The best way to combat edema is to check the soil moisture levels and, where possible, add more organic matter like compost or leaf mold, to help improve the drainage of the soil. Do not remove affected leaves as this could increase the problem across the plant.

Edemas on a cabbage leaf

Edemas are caused by plant cells bursting from too much water

(Image credit: Alamy/Nigel Cattlin)

6. Green soil

While the plants themselves show the signs of overwatering, so can the soil around them. If the soil turns shades of green then that is a sign it has been overwatered. 

The green soil is a sign of algae or moss growth, which thrives in wet conditions. Though the algae on the soil will not harm established plants, it can affect the growth of young plants and is also unsightly on flower beds and borders. 

Regular removal of clumps or algae or moss is recommended, together with reducing the regularity of watering and adding drainage to the bed to prevent the soil being compacted and waterlogged.


Can a plant recover from overwatering?

Yes, you can fix an overwatered plant providing the warning signs have been spotted and action has been taken. It will depend on the severity of the overwatering and how long it has occurred over. For example, a wilting plant or one with a few yellow leaves is easily recoverable, however if severe root rot has occurred due to waterlogging it may be too late.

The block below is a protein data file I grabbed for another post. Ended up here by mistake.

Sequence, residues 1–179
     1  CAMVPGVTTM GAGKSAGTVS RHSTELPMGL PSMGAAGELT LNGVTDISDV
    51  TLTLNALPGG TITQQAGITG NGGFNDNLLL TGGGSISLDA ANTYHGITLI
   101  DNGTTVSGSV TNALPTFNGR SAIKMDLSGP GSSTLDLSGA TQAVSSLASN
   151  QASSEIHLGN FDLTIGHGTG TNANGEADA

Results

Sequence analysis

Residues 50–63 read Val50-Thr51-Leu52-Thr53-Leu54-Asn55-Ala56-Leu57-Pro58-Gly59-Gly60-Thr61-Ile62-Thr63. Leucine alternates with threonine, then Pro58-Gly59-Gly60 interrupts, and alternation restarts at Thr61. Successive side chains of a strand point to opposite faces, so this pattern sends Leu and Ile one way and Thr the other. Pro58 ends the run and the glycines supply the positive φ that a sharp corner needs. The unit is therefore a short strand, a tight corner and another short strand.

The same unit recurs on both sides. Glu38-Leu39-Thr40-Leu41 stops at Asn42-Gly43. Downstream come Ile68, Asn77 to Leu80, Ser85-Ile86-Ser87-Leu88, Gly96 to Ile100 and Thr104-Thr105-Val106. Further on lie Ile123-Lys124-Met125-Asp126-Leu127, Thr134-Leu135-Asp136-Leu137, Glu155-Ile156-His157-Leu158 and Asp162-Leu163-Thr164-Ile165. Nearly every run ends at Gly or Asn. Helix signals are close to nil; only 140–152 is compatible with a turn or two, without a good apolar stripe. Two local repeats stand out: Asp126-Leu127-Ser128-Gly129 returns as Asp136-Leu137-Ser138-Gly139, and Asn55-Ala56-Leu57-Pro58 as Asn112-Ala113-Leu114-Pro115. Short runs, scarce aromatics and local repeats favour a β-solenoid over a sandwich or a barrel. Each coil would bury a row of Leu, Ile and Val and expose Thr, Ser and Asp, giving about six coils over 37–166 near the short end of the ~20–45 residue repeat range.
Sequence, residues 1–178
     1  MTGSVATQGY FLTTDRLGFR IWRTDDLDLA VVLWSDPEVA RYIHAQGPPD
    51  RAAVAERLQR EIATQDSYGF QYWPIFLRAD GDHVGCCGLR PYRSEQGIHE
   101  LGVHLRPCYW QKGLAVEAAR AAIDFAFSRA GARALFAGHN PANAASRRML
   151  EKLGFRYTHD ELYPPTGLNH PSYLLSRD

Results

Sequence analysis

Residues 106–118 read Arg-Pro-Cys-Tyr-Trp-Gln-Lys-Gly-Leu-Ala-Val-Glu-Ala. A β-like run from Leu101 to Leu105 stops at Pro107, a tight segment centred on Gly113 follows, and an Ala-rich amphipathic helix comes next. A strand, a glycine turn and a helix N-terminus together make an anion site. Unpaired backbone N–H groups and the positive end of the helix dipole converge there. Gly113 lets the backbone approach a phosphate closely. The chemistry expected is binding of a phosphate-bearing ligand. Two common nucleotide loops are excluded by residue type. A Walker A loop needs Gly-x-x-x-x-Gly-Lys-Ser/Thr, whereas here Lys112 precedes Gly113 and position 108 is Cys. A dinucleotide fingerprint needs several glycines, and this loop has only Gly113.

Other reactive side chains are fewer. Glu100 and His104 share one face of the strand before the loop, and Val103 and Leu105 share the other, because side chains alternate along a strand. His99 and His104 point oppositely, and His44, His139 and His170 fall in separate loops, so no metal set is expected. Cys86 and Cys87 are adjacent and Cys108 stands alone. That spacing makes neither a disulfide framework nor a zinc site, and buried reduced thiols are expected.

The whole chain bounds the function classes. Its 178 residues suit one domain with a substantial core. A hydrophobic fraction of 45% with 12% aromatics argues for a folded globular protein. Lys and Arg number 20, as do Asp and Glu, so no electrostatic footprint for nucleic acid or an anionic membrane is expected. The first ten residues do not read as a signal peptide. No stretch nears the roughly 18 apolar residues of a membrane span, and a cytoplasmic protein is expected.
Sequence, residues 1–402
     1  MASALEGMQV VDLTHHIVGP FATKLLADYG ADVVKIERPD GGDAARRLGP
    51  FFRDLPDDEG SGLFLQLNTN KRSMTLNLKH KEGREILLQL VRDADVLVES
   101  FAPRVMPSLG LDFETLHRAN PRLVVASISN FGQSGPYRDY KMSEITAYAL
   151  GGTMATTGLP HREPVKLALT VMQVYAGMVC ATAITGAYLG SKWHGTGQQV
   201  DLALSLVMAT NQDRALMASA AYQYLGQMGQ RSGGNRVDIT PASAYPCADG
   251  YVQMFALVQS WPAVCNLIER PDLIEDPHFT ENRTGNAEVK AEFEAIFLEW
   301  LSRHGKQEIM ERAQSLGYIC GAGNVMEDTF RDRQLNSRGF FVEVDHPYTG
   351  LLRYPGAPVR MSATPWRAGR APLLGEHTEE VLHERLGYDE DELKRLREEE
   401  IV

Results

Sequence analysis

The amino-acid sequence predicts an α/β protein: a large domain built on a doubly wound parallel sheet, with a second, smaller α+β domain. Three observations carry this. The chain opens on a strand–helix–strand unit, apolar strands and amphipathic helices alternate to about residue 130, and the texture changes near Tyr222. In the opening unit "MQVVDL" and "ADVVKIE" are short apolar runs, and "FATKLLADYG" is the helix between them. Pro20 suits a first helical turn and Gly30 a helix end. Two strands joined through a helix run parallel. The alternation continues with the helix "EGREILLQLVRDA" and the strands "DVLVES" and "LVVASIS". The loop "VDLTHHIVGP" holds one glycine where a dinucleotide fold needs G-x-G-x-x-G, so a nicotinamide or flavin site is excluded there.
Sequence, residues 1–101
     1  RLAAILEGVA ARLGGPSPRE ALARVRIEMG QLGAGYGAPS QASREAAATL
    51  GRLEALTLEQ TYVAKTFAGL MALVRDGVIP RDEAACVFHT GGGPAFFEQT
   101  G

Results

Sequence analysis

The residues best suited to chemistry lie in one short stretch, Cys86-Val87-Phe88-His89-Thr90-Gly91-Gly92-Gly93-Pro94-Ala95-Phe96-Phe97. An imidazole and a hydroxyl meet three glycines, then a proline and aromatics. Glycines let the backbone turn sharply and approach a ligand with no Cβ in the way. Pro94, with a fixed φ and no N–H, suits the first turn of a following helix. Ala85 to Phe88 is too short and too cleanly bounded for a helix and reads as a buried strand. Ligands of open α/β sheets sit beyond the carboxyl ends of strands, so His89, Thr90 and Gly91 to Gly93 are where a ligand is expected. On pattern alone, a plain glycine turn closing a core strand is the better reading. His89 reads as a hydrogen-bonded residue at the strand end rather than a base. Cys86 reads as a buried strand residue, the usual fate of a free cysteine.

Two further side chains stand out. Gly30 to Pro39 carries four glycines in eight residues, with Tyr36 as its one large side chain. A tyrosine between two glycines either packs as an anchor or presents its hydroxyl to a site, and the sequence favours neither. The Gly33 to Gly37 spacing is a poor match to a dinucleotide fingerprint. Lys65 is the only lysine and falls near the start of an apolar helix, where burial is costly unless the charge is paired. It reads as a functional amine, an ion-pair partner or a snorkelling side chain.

It is crucial to know your plants to adjust the watering frequency and amount to fit the needs of each specific plant. Let the soil dry out thoroughly after a plant has been overwatered, before adding any more moisture. Adding organic materials to help improve the drainage can help stop a bed becoming waterlogged and stop plants sitting in very wet conditions.

Vigilance is obviously key when it comes to looking after your plants. It is not just with watering where you need to look closely for symptoms, it is the same when it comes to pests and diseases. Know your plants, monitor your plants, and do your research. If you learn all about your plants, including how much water they need, it will help you maintain a good watering regime that should help avoid potential problems of overwatering. 

Drew Swainston
Content Editor

Drew’s passion for gardening started with growing vegetables and salad in raised beds in a small urban terrace garden. He has gone on to work as a professional gardener in historic gardens across the UK and also specialise as a kitchen gardener growing vegetables, fruit, herbs, and cut flowers. That passion for growing extends to being an allotmenteer, garden blogger, and producing how-to gardening guides for websites. Drew was shortlisted in the New Talent of the Year award at the 2023 Garden Media Guild Awards.